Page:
A special degree conferral honoring the late Marine Corps Sgt. Johanny Rosario Pichardo highlighted a pair of commencement ceremonies Saturday at Southwell Gymnasium.
Sgt. Pichardo, who took classes through Columbia College’s Online Program and made the dean’s list while she was stationed at Marine Corps Recruit Depot San Diego, was among the nearly 200 individuals, including 13 American servicemembers, killed during a terrorist attack at the international airport in Kabul, Afghanistan, on August 26, 2021. On Saturday, her mother, Colasa, and sister, Rosie, were on stage to receive Johanny’s degree posthumously from Columbia College President Dr. David Russell.
Dr. Russell recounted stories from her former officer-in-charge in San Diego, who shared that Johanny worked a second part-time job caring for elderly patients with dementia, and took college courses to serve as a positive role models for her siblings and niece. “Serving on active duty with our country’s armed forces is not an easy task. Neither is taking a full-time load of college courses. Yet Johanny did both, and did them well,” Dr. Russell said. “Johanny was committed to her country and her community. We are profoundly saddened by her loss, and are honored to award this degree today.”
He also announced the creation of the Sgt. Johanny Rosario Pichardo Endowed Scholarship thanks to a generous founding gift from the Veterans United Foundation. The scholarship will benefit the lives of future military-affiliated students here at CC; additional information about the scholarship will be announced at the college’s Military Recognition Day on May 26.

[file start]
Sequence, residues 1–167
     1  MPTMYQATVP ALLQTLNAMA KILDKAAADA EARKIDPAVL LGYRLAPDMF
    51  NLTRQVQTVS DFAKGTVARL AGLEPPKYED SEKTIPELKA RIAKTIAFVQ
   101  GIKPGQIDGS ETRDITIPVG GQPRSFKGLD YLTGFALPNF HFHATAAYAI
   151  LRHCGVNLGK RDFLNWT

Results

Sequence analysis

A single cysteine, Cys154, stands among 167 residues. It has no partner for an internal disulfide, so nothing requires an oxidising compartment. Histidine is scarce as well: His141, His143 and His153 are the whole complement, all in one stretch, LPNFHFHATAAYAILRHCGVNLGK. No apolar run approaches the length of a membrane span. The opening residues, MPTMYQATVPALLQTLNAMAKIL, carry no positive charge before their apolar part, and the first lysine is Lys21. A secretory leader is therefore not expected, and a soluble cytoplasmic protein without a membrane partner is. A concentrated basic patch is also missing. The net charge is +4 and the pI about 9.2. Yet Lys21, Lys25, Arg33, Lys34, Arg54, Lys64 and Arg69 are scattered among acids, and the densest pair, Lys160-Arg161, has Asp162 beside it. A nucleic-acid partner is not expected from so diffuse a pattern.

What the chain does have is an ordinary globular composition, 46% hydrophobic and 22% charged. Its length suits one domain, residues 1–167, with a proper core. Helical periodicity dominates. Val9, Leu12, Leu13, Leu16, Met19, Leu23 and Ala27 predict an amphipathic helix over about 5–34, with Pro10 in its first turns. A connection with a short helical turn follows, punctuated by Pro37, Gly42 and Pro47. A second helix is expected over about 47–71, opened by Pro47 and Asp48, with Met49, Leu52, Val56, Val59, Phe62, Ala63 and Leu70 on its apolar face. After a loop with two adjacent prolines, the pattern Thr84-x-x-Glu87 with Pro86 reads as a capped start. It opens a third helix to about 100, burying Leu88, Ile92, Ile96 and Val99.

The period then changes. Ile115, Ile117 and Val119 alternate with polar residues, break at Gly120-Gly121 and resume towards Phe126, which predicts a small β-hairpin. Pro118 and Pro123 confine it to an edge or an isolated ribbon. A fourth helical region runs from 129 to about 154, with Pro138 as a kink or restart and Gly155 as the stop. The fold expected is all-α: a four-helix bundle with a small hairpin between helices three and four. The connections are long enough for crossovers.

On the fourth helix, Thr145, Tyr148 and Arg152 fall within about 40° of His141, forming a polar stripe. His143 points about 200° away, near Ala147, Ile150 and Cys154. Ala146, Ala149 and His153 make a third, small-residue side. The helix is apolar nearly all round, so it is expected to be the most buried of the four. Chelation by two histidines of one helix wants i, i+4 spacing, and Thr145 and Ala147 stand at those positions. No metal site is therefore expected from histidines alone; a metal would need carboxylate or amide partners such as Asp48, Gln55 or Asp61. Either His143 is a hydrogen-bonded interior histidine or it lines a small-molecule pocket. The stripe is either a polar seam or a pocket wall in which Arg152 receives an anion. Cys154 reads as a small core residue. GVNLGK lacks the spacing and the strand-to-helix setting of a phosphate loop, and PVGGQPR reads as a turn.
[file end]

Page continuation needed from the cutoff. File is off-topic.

Pomp & Circumstance return to Southwell
More than 400 graduates walked across the stage during the two ceremonies. Shouts of “That’s my brother!,” “That’s my Mom!” and “Congratulations, baby girl!,” along with numerous other congratulations from the audience, rang throughout Southwell on Saturday, in the college’s first full-capacity ceremony in 29 months.
In his remarks to the graduates, Dr. Russell offered words of congratulations, gratitude and encouragement, congratulating them for staying focused on their goals. He also offered his thanks for choosing to receive a liberal arts education, noting that they are now prepared for the myriad challenges that will arise in their lives going forward. Finally, he offered encouragement that, given their experience at CC, they are now ready to lead. “Wherever you go from here, there will be people around you who need you. When that time comes, I know that you, too, will not hesitate to step forward and do your part.”
The best and the brightest members of the class of 2022 were on full display throughout the ceremony, including five students who earned the college’s prestigious Presidential Award for completing their degrees with perfect 4.0 GPAs:
- Kyla Bertchsinger, who earned a Bachelor of Science in Biology with a sociology minor.
- Mallory Holzer, who received a Bachelor of Science in Biology;
- Kristen Sibley, who received dual Bachelor of Science degrees in Biology and Environmental Science;
- Isabella Wimmer, who earned a Bachelor of Science in Biology, with minors in psychology, sociology and environmental science;
- Crista Woolley, who earned Bachelor of Science degrees in Accounting and Business Administration, with minors in finance, management and psychology;